Heiman, Rachel

Rachel Heiman

Rachel  Heiman
PhD, Anthropology, University of Michigan
Associate Professor of Anthropology, Bachelor's Program for Adults and Transfer Students; Coordinator, Credit for Prior Learning Program

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Areas of Expertise:
Academic: Anthropology of suburbs; urban sprawl, zoning ordinances, and the built environment; cultural politics of class; global middle classes; ethnography

Administrative: Portfolio-based Prior Learning assessment for adults and transfer students 
Rachel Heiman is an anthropologist who investigates middle-class anxieties and suburban life in contexts that range from family homes to sport-utility vehicles to zoning board debates. She has been a visiting scholar at the Russell Sage Foundation in New York City and at the School for Advanced Research in Santa Fe. Her first book is an ethnographic study of a paradox of the late 1990s: the dramatic upscaling of what defined the suburban American dream at the same time that the possibilities for achieving the dream diminished. Her second book is an edited volume of ethnographic research that offers a comparative perspective on the global middle classes. She is now exploring efforts to retrofit suburbia in light of contemporary environmental, financial, and energy concerns, focusing on the way these projects are reconfiguring notions of family, home, urbanism, and gentrification.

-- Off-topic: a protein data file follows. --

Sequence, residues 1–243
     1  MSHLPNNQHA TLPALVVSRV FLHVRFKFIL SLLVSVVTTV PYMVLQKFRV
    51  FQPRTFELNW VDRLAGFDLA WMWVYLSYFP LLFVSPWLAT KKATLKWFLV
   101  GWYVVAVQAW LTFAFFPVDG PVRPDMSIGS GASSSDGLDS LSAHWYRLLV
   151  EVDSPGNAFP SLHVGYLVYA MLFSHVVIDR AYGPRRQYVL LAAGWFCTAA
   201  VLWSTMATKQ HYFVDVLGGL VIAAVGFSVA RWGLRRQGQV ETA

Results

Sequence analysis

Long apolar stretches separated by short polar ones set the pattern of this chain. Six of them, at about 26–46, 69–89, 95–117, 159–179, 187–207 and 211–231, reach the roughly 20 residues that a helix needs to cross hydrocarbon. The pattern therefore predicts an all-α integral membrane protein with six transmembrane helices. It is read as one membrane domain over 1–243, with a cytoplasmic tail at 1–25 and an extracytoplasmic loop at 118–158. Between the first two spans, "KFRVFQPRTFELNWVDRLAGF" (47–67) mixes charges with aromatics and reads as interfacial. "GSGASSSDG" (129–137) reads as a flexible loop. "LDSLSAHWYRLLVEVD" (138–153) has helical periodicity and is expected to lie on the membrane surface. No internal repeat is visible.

Courses Taught:
  • The Suburbs: Divided We Sprawl
  • Interrogating America: Anthropology of the United States
  • Urban Life: Social Justice and the Lived City
  • The Anthropology of Sustainability
  • The Middle Classes: A Global Perspective
  • Labels, Categories, and Names: The Anthropology of People “Out of Place”
  • Linguistic Anthropology: On the Power of Gestures, Jokes, and Words
  • Youth Culture: Creative, Resilient, and Sometimes Not Enough
Recent Publications:
Driving After Class: Anxious Times in an American Suburb. Series in Public Anthropology (Berkeley, CA: University of California Press, in press).

The Global Middle Classes: Theorizing through Ethnography
(Santa Fe, NM: School for Advanced Research Press, 2012).

“‘At Risk’ for Becoming Neoliberal Subjects: Rethinking the ‘Normal’ Middle-Class Family,” in Childhood, Youth, and Social Work in Transformation: Implications for Policy and Practice, Lynn Nybell, Jeffrey Shook, and Janet L. Finn, eds. (New York Columbia University Press, 2009)

“The Last Days of Low-Density Living: Suburbs and the End of Oil,” in Built Environment (May 2007)

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